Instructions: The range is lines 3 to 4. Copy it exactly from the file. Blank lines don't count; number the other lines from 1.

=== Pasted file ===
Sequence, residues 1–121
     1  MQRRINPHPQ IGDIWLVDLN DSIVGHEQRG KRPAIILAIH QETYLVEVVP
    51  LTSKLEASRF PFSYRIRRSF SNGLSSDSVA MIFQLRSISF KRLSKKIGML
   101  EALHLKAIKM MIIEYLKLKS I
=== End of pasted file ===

    51  LTSKLEASRF PFSYRIRRSF SNGLSSDSVA MIFQLRSISF KRLSKKIGML
   101  EALHLKAIKM MIIEYLKLKS I